Set Your Asset Allocation Unemotionally
The biggest and most important decision you’ll make in designing your retirement portfolio is setting your asset allocation, and you do that based on your age, time to retirement, and personal risk tolerance.
If you’re 15+ years away from retirement, you might want to have a higher equity allocation like 80/20. If you’re closer to retirement like us, make your portfolio take on a more balanced allocation like 60/40. Every other decision (how much to put in US vs International, whether to currency-hedge, etc.) will make a small difference in your portfolio’s performance, but by far the largest impact is your equity/fixed income allocation.
Make that decision unemotionally, then stick with it.
Rebalance, Rebalance, Rebalance
The only skill you need to learn when it comes to the day-to-day management of your portfolio is how to rebalance it, because every transaction essentially boils down to it.
Stocks go up? Rebalance.
Stocks go down? Rebalance.
Adding in money? Rebalance.
Taking money out? Rebalance.
Every 2 weeks when we deposited more money into the account, we did the same rebalancing calculations over and over.
Step 1: Figure out what your current asset allocation is.
Step 2: Figure out what your target allocation would look like.
Step 3: Calculate what transactions you need to do to get there.
Hopefully through mind-numbing repetition we’ve taught you how to do this yourself, but if you’re still having trouble (or are just lazy), we built a tool to help you do it. Feel free to use it whenever you want.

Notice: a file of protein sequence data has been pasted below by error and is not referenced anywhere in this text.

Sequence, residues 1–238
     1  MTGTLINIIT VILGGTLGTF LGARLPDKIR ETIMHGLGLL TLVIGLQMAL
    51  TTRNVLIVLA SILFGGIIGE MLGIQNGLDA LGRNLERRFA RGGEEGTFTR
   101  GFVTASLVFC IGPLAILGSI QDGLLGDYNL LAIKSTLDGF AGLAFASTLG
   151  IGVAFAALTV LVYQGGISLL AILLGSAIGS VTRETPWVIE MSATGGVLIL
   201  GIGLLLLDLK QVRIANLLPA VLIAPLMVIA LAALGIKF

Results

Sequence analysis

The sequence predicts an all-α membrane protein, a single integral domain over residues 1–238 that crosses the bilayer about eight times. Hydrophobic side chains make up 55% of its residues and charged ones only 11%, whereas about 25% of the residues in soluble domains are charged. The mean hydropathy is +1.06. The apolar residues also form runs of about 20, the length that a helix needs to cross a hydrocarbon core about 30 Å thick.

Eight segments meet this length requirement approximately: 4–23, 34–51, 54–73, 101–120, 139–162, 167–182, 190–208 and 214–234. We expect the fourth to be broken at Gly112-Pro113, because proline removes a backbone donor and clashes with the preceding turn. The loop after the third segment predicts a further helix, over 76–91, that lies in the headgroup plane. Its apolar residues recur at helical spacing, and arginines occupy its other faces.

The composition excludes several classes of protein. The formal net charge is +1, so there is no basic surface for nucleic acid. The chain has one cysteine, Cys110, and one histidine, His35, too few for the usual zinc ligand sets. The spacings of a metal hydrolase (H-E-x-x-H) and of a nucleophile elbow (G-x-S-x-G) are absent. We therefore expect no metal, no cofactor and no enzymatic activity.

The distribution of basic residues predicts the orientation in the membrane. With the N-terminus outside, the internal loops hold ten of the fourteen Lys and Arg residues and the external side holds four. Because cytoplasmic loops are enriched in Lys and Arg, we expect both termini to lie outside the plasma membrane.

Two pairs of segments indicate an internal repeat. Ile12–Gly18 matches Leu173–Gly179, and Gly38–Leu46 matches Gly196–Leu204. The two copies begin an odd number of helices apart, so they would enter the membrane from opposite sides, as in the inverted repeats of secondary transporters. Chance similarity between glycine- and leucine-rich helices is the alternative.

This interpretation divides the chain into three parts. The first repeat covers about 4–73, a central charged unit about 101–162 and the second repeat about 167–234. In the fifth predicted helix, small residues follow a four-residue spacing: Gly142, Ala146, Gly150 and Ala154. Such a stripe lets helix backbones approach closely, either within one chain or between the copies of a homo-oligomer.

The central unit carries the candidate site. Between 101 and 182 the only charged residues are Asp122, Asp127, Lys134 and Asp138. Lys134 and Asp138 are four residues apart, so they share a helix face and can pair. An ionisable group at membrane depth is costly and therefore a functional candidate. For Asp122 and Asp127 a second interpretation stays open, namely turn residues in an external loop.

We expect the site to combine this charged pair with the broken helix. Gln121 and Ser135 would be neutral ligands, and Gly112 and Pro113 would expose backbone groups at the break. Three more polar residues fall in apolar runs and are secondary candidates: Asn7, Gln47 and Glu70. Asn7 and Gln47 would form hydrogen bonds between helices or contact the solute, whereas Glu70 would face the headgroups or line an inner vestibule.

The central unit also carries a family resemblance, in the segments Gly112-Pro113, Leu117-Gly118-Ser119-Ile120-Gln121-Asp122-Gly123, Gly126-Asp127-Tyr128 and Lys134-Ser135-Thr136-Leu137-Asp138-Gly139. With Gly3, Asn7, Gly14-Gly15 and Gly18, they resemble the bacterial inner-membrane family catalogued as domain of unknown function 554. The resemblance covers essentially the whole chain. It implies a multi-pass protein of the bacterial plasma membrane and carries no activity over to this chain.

Don’t Pay Fees
Keep your portfolio MER’s low and don’t pay fees.
In my entire investment career I don’t think I’ve ever paid a single dime in transaction fees, account maintenance fees, or transfer fees and I’m happy to report that with this workshop we’ve kept that record.
Fees suck, and will eat away at your portfolio little by little like a thousand tiny termites if you let it. The nice thing about ETFs is that because they’re traded on the stock market, you’re not tied to any brokerage company like you would be with a mutual fund.
Which is great because when/if your brokerage company starts acting like a jerk, you can take your ETFs and skedaddle to someone else.
That is MY money, and nobody gets to put their greedy little mitts on it.
Don’t pay fees.
Watch Your Money Grow
If you followed the workshop, opened up the accounts I wrote about, and actually built this portfolio, you’ve pretty much learned all the investment skills you need to retire. This is the same portfolio we used to survive the stock market crash of 2008/2009, it’s the same portfolio that allowed us to become millionaires, and it’s the same portfolio (with some tweaks) that we now use to live off of.